Wipe down the baking sheet used for mushrooms and dump the black beans onto it in a single layer. Roast for 8-10 minutes, tossing once, until most of them have split open and look dry around the edges. The beans are non-negotiable in this recipe as they serve a crucial binding purpose.
Meanwhile, heat 1 tbsp oil in a small skillet over medium heat. Cook the chopped onion and garlic, stirring frequently, until soft and golden-brown (about 8-10 minutes). Let cool.
Pulse the cashews and oats in a food processor until they are finely ground. Pour into a large mixing bowl along with the cooled barley, mushrooms, beans, and onion-garlic mixture. In a separate, small bowl, whisk together the mayonnaise, yolk, miso paste, chilli powder, honey, and smoked paprika until smooth. Stir this into your mushroom-bean mixture. Mash the mixture together with a potato masher until well-blended and sticky (about 2 minutes). Transfer about half of the mixture to your food processor (don’t bother cleaning the cashew-oat residue out of it) and pulse until very finely chopped. Return this to the bowl with the remaining burger mix. Stir in the cheddar and feta/queso fresco. Season to taste with salt and pepper. When I say to taste, I mean to your taste, as in TASTE the burger mix and season it to your liking. Don’t assume that the secret sauce and cheese will do the heavy lifting when it comes to seasoning. Season that shit up right now.
Lay a large piece of parchment paper out on your workspace. Divide the burger mixture into 6 equal lumps on the parchment paper and shape into thick, round patties (a bit smaller than your buns). If not cooking immediately, cut the parchment paper around the patties into large squares and stack the patties atop one another in a lidded container. Refrigerate for up to 3 days.
Prior to cooking your burgers, whisk together all of the ingredients for the secret sauce in a small bowl. Cover and refrigerate until ready to serve. Take care of any topping prep that needs doing (lettuce washed, tomatoes sliced, cheese slices unwrapped, etc).
Once you’re ready to start cooking the burgers, place a cooling rack inside a baking sheet and set it aside. Heat 1 tbsp oil in a large frying pan over medium-high heat. Once the oil is hot, gently place 2 burger patties in the pan. Cook for about 3-4 minutes, until a dark brown crust has formed on the bottom of the patty. These burgers do tend to look a bit burnt, but I found that that slight bit of char actually helped with their meaty taste and fast-food burger appeal. Just don’t take it too far.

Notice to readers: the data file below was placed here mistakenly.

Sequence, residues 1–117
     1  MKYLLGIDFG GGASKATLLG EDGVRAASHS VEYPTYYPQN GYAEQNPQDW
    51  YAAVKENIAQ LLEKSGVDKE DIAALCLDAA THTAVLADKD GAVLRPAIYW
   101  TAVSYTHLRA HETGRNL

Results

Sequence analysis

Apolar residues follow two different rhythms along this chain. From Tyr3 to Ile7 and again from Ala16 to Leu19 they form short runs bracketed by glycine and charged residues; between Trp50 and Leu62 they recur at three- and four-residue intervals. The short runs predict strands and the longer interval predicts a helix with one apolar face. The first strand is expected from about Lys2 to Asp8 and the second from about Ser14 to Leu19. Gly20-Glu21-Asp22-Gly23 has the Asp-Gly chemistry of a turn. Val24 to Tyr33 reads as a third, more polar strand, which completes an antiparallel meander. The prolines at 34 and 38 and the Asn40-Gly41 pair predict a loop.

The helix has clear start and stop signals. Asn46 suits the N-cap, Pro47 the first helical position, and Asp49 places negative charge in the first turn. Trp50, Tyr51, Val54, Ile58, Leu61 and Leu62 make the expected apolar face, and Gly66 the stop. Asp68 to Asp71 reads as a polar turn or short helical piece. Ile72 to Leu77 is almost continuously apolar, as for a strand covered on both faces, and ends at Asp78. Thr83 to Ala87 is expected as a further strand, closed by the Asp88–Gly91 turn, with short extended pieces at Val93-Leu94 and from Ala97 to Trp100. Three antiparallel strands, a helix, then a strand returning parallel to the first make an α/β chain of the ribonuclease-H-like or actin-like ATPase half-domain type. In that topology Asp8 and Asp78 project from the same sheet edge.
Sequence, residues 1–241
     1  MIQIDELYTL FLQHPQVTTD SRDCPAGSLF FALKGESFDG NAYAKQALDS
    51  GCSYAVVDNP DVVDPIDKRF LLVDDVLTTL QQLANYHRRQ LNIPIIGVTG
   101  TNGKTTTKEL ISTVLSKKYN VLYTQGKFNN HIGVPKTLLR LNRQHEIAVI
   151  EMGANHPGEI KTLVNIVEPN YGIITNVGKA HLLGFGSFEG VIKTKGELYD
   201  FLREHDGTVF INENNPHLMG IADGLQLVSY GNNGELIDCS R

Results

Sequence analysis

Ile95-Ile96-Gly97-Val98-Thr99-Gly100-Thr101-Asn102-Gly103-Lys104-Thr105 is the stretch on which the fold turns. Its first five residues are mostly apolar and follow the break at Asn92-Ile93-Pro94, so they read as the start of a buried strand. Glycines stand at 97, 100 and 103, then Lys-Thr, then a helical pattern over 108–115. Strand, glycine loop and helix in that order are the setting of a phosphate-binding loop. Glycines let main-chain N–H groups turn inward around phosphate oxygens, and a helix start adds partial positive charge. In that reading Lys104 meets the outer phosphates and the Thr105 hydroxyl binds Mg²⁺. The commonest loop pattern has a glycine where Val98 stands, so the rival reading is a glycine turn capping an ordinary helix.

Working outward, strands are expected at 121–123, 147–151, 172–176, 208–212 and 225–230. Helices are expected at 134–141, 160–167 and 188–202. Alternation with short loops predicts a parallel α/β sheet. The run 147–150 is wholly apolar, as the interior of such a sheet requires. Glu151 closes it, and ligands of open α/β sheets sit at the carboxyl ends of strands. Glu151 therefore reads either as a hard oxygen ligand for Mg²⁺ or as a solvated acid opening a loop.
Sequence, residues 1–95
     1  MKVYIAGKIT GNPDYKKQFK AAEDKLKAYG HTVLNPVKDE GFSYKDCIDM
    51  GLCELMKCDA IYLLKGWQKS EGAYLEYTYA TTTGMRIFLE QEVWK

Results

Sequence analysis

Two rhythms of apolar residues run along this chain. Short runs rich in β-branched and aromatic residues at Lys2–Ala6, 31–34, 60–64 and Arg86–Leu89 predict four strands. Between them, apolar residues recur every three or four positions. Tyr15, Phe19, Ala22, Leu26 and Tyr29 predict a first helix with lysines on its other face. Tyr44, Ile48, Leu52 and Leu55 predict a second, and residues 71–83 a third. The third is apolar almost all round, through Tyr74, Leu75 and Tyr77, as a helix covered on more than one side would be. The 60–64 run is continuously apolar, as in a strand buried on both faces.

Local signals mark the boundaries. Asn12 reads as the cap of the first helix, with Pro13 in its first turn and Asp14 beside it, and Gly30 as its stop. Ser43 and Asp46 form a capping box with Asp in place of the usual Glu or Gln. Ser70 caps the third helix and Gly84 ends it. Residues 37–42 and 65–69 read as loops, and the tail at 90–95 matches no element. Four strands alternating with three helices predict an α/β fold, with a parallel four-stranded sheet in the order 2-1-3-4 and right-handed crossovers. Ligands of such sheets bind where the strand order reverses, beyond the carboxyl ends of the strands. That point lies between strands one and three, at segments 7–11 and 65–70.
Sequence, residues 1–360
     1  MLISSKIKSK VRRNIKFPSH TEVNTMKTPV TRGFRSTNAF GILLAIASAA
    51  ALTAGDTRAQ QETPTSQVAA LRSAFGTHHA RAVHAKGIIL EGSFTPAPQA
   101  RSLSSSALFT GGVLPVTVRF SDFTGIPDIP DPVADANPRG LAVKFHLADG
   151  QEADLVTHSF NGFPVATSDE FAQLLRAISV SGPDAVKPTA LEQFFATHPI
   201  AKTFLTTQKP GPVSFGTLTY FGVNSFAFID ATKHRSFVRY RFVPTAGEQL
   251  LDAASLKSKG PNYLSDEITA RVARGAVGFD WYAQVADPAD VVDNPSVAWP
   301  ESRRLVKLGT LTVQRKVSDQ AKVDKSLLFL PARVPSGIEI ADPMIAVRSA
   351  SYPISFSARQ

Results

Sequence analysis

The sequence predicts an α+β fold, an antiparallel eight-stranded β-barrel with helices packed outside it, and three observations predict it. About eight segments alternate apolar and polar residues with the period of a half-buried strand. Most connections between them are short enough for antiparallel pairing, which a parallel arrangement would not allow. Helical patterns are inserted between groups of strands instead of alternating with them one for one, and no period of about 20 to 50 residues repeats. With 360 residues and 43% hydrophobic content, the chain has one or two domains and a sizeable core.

Flip the patties and immediately top the cooked sides with 2 slices of processed cheese each. Cook for another 3 minutes or so, until the bottom is well-crusted and the cheese has melted (plop a lid on the pan if the cheese is slow to melt, but generally I find processed cheese melts almost disturbingly quickly). Wipe out any burnt bits or residue from the pan, and repeat the process with the remaining burgers. Make sure you add 1 tbsp of oil to the pan prior to frying each batch. Place the cooked burgers on your rack-lined baking sheet and tent loosely with aluminum foil.
Once the burgers are done cooking, wipe out the pan and turn the heat down to medium. Split and butter your brioche buns, then cook butter-side down in the hot pan until lightly toasted. I like to smoosh the buns down while they cook to give you that In-N-Out smash burger effect. To serve the burgers, place a spoonful of secret sauce on the bottom half of each bun, then top with a patty, lettuce, tomato, and pickles (if using). Spread the top half of each bun with more secret sauce before placing atop your burger, your burger of glory.